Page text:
Farmers vs Big Coal 1
Yesterday I attended the Land Court in Brisbane. It was day 3 of an action brought by a group of Central Queensland landowners and the community group Coast and Country Association Queensland, who challenge the approval of Hancock Coal's (and GVK's) Alpha mine on the basis of the threat it poses to water supplies; the irreversible damage to the environment by opencast mining (and don't forget the rail corridor); the threat to the Great Barrier Reef of port dredging and bulk carrier channels; and the project's contribution to global carbon emissions, and hence climate change.
Supporters of the graziers' cause were asked to attend the Court today because individual landowners were going to be taking the stand. Gathered outside before proceedings began at 10 were representatives of a number of lobby groups, including Lock the Gate Alliance, Protect the Bush Alliance and wildlife organisations, as well as many individuals who believe that farmers' rights and protection of the environment should be defended more vigorously under the law.
The court resumed with the landowners' cross-examination of a groundwater expert, and was principally concerned with the potential groundwater impact of the mine on properties adjoining rather than within the mining lease application area. Of surprise to me was the lack of a regional groundwater model based on the impacts of all four proposed mines in the Alpha area. The landowners argued that baseline data used in groundwater modelling by the mining companies should have been carried out over a longer period so that water level fluctuations following particularly wet or dry seasons are fully understood.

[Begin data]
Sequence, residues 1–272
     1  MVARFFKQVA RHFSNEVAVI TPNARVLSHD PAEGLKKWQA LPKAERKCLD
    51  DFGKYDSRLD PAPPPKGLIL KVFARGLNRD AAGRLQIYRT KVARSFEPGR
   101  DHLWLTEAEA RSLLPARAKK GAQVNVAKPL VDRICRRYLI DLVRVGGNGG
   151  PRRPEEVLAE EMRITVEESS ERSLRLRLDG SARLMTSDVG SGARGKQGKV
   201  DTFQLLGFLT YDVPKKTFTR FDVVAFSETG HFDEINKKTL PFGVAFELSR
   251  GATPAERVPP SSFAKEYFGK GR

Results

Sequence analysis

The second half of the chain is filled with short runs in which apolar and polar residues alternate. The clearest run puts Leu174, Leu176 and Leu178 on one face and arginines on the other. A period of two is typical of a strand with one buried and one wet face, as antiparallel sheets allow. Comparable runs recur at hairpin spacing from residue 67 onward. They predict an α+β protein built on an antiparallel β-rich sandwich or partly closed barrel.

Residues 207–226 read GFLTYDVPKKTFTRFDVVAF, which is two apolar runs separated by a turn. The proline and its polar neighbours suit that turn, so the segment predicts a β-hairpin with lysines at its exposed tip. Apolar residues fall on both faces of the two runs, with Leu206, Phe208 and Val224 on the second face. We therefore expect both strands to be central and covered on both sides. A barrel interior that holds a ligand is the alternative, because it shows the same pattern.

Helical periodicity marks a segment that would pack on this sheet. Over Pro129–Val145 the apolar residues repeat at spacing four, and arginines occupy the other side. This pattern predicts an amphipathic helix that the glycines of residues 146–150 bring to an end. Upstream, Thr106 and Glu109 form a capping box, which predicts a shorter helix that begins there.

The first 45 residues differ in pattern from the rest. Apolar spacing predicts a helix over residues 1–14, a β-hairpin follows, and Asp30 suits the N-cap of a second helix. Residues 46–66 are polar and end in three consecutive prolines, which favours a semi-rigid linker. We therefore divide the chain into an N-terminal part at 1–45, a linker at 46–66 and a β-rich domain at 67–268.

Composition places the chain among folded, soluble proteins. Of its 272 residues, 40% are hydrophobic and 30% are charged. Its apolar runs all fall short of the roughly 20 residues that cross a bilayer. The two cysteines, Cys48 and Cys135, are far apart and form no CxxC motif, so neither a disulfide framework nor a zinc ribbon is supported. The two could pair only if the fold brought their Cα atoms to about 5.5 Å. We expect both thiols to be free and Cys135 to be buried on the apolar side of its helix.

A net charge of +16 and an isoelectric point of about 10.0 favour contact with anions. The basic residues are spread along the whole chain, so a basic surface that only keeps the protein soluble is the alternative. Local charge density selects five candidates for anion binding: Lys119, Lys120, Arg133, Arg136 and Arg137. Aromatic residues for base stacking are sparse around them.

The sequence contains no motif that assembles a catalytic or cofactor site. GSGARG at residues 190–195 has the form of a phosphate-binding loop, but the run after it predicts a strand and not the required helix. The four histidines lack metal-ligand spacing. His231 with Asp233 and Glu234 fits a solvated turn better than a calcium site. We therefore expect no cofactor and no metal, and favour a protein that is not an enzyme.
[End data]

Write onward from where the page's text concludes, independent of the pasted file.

I noted wryly that water-level-monitoring devices on bore holes are solar-powered.
None of the landowners can afford a barrister so are representing themselves in court. Not only do they each have to grapple with the science of hydrogeology but also legal speak and procedure. The judge was looking out for them, however. He told them to take time whenever they got flustered; he carefully explained the procedural subtleties of their submissions when they were challenged by Hancock's highly polished barrister; and expressed his pervading concern about the landowners' belief that they are not getting a fair go in their dealings with the mining company to obtain 'make-good agreements'. These are intended to reduce uncertainty about the landowners' future economic viability by securing an assurance from Hancock that they will replace water lost as a result of mining activity.
During the evidence of the first landowner to take the stand, a grazier from near Jericho, the court became bogged in a technicality: whether a certain disclosure by the witness was consistent with the maintenance of confidentiality preserved by 'without prejudice'* correspondence between the parties. This matter consumed a great deal of the rest of the day's session, and taxed my brain enormously. The workings of the court are fascinating and extremely demanding.
But I'll be back.
Below: enthusiastic supporters of the landowners, and the Queensland police keeping an eye on us
* Without any loss or waiver of rights or privileges